My Twitter was hacked, claims John McAfee

Graham Cluley

My Twitter was hacked, claims John McAfee

My Twitter was hacked, claims John McAfee

I can’t begin for one minute to imagine what it must feel like to be John McAfee.

He founded one of the world’s most famous security companies, disguised himself as a Guatemalan trinket salesman while on the run from the Belize police who wanted to question him about a murder, claimed he ran a team of 23 women to seduce and spy on his enemies in Belize, put himself forward as a possible candidate for the US Presidency in 2016, and said he would use “social engineering” to determine the iPhone passcode of one of the (dead) San Bernadino killers.

I could probably fill umpteen more paragraphs detailing the publicity-shy John McAfee’s colourful tales and unorthodox life.

So, what to make of his latest claim that his Twitter account was hacked?

John Mcafee tweet

McAfee’s “urgent” tweet came after a series of messages were posted to his account, encouraging his half a million followers to purchase lesser-known cryptocurrencies.

Coin of the day

The real John McAfee is no stranger to tweeting about which cryptocurrency his followers should invest in, so the “hacker” certainly wasn’t entirely clueless about how to blend in with the security veteran’s regular postings.

McAfee subsequently deleted the offending tweets, and claimed that “most likely” his mobile phone was compromised.

If we are to believe John McAfee, he’s a frequent target for hackers. And apparently it’s Twitter’s fault, not his.

“Though I am a security expert, I have no control over Twitter’s security. I have haters. I am a target. People make fake accounts, fake screenshots, fake claims. I am a target for hackers who lost money and blame me. Please take responsibility for yourselves. Adults only please.”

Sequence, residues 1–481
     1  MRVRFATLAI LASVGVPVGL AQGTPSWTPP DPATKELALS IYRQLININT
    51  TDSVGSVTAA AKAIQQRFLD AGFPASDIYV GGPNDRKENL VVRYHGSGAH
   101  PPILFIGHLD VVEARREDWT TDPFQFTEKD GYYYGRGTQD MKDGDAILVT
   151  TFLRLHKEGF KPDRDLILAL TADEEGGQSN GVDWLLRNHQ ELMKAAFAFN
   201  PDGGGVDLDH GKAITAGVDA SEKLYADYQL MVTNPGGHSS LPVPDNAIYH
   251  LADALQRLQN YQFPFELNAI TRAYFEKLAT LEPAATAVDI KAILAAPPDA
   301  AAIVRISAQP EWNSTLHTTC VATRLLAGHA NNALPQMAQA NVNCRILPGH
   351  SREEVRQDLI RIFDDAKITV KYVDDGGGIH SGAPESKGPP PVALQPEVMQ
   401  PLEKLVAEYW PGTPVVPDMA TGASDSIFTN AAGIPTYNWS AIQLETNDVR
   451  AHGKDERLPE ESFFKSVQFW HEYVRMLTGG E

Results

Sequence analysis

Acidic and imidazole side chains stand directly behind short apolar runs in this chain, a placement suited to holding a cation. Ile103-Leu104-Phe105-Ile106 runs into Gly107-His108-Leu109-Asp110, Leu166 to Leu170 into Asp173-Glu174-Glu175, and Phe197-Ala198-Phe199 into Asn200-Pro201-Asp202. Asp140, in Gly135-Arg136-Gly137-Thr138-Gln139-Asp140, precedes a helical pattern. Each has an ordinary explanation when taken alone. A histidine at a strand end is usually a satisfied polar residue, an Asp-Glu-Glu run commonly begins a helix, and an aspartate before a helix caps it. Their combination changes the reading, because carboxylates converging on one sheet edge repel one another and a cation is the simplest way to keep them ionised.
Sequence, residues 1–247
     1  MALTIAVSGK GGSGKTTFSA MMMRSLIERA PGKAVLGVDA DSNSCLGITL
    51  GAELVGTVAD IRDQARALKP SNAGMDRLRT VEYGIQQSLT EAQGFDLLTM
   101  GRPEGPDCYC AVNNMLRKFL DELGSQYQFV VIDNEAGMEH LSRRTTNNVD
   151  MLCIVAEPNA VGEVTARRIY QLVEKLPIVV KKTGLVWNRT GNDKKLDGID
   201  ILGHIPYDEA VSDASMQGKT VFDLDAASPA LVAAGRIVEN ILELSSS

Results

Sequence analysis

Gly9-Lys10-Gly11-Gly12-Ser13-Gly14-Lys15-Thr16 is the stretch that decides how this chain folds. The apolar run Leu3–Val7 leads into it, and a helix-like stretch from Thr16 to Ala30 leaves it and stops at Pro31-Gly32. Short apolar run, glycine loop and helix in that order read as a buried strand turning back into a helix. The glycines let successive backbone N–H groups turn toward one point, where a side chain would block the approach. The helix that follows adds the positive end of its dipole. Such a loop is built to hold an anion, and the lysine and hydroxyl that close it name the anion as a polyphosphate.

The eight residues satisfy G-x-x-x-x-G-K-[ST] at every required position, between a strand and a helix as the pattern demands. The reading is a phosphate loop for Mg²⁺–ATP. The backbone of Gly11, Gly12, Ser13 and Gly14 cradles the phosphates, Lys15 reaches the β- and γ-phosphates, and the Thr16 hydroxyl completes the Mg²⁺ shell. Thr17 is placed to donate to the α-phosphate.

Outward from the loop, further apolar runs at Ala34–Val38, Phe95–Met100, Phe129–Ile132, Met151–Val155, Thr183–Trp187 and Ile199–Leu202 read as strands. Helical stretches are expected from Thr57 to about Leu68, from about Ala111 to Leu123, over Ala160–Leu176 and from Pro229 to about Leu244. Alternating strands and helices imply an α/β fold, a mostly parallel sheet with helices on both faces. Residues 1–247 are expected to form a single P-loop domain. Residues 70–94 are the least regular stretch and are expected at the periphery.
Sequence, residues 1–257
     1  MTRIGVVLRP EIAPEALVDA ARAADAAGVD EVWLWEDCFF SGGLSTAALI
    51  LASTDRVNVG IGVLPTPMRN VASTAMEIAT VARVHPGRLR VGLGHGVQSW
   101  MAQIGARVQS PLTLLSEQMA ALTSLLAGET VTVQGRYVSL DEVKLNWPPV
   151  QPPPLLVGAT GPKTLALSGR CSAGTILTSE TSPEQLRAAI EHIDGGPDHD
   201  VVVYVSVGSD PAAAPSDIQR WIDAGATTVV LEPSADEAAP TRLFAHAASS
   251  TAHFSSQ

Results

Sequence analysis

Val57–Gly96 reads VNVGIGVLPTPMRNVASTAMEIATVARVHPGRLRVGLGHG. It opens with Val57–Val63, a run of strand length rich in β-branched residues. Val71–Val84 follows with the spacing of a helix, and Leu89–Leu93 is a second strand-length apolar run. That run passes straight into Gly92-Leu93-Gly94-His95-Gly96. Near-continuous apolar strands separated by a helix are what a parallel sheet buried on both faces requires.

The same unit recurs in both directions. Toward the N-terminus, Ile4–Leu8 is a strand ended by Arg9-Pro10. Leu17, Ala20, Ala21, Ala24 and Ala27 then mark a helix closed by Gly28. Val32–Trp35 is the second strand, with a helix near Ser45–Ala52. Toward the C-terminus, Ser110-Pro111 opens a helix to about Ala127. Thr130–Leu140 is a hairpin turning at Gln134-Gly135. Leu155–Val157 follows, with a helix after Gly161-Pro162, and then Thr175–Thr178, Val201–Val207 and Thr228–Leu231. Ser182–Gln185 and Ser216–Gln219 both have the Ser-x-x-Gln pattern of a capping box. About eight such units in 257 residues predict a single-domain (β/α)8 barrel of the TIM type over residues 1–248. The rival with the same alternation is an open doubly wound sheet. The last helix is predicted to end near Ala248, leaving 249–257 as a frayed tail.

In response, to the alleged hack, John McAfee says he has disabled two-factor authentication (2FA) on his accounts. If you ask me, that’s a truly bizarre course of action – and one that I hope other Twitter followers do not emulate, especially as the site has just enhanced its 2FA security feature to properly support third-party authentication apps.

Is John McAfee telling the truth? Or spinning a fanciful yarn about his account being hacked for his own reasons?

I imagine my guess is as good as yours.

What I do know is that John McAfee has been caught out by poor security practices in the past, only to offer some eyebrow-raising and hard-to-swallow explanations later.

Graham Cluley Graham Cluley is a veteran of the anti-virus industry having worked for a number of security companies since the early 1990s when he wrote the first ever version of Dr Solomon's Anti-Virus Toolkit for Windows. Now an independent security analyst, he regularly makes media appearances and is an international public speaker on the topic of computer security, hackers, and online privacy. Follow him on Twitter at @gcluley, or drop him an email.

3 Replies to “My Twitter was hacked, claims John McAfee”

  1. It's a shame they didn't add after the '$BAT' a certain '$SHIT' and then '$CRAZY'. But I suspect they had their reasons.

    If I was a conspiracy theorist I would suggest he did it himself: as in he did it as a publicity stunt (nothing new), blamed Twitter (iirc nothing new to blame others) and then decided to stop giving advice (perhaps his best move yet?). That's an odd one of course, since it brings him less attention but who says conspiracy theories have to make sense? The fact he talks about disabling 2FA is also odd but that's kind of fitting for him, isn't it?

    I think the story is as mental as he is, frankly.

    Happy New Year btw. :) Long time it's been but hope you're doing well. I am doing superb although I still don't think I'll be around as much – just have a lot going on in my life.

  2. It's not a new topic, 2FA has been vulnerable for a while now if talking of using it with a phone and SS7 vulnerabilities. If being done with a physical token card, that's a bit different. Only reason this is garnering attention is due to the visibility of the individual involved.

    https://www.cyberscoop.com/finally-happened-criminals-exploit-ss7-vulnerabilities-prompting-concerns-2fa/

    http://www.securityweek.com/two-factor-authentication-bypassed-simple-attacks

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